Qi L1,2, Song Y1, Chan THM1, Yang H1, Lin CH3, Tay DJT1, Hong H1, Tang SJ1, Tan KT1, Huang XX1, Lin JS1, Ng VHE1, Maury JJP4, Tenen DG1,5, Chen L1,6.
1 Cancer Science Institute of Singapore, National University of Singapore, Singapore.
2 Duke-NUS Medical School, National University of Singapore, Singapore.
3 Centre for Genomic Sciences, the University of Hong Kong, Hong Kong.
4 Institute of Molecular and Cell Biology, A*STAR, Singapore.
5 Harvard Stem Cell Institute, Harvard Medical School, Boston, MA, USA.
6 Department of Anatomy, National University of Singapore, Singapore.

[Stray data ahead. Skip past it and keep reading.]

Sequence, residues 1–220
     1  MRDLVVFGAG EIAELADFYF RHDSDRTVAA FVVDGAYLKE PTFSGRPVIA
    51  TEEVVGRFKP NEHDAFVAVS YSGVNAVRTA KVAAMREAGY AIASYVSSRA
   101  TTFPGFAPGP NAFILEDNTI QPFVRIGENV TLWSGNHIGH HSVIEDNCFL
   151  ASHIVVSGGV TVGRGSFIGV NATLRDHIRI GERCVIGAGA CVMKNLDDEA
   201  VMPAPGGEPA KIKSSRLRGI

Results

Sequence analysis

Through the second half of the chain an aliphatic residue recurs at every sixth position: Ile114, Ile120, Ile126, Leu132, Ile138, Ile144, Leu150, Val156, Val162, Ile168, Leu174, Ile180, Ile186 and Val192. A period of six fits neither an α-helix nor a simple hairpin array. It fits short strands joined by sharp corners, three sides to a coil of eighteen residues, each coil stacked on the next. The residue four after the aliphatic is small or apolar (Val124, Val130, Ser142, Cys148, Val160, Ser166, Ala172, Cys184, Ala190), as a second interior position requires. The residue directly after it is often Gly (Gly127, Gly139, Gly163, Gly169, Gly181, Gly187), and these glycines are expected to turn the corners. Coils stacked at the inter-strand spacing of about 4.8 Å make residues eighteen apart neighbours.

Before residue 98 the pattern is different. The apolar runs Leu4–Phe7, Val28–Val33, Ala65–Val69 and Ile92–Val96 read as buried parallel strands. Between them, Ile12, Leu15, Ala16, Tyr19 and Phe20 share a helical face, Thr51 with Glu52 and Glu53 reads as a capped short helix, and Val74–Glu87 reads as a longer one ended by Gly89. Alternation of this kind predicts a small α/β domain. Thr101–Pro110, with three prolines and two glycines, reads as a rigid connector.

Adenosine-to-inosine (A-to-I) RNA editing, catalyzed by Adenosine DeAminases acting on double-stranded RNA(dsRNA) (ADAR), occurs predominantly in the 3′ untranslated regions (3’UTRs) of spliced mRNA. Here we uncover an unanticipated link between ADARs (ADAR1 and ADAR2) and the expression of target genes undergoing extensive 3’UTR editing. Using METTL7A (Methyltransferase Like 7A), a novel tumor suppressor gene with multiple editing sites at its 3’UTR, we demonstrate that its expression could be repressed by ADARs beyond their RNA editing and double-stranded RNA (dsRNA) binding functions. ADARs interact with Dicer to augment the processing of pre-miR-27a to mature miR-27a. Consequently, mature miR-27a targets the METTL7A 3’UTR to repress its expression level. In sum, our study unveils that the extensive 3’UTR editing of METTL7A is merely a footprint of ADAR binding, and there are a subset of target genes that are equivalently regulated by ADAR1 and ADAR2 through their non-canonical RNA editing and dsRNA binding-independent functions, albeit maybe less common. The functional significance of ADARs is much more diverse than previously appreciated and this gene regulatory function of ADARs is most likely to be of high biological importance beyond the best-studied editing function. This non-editing side of ADARs opens another door to target cancer.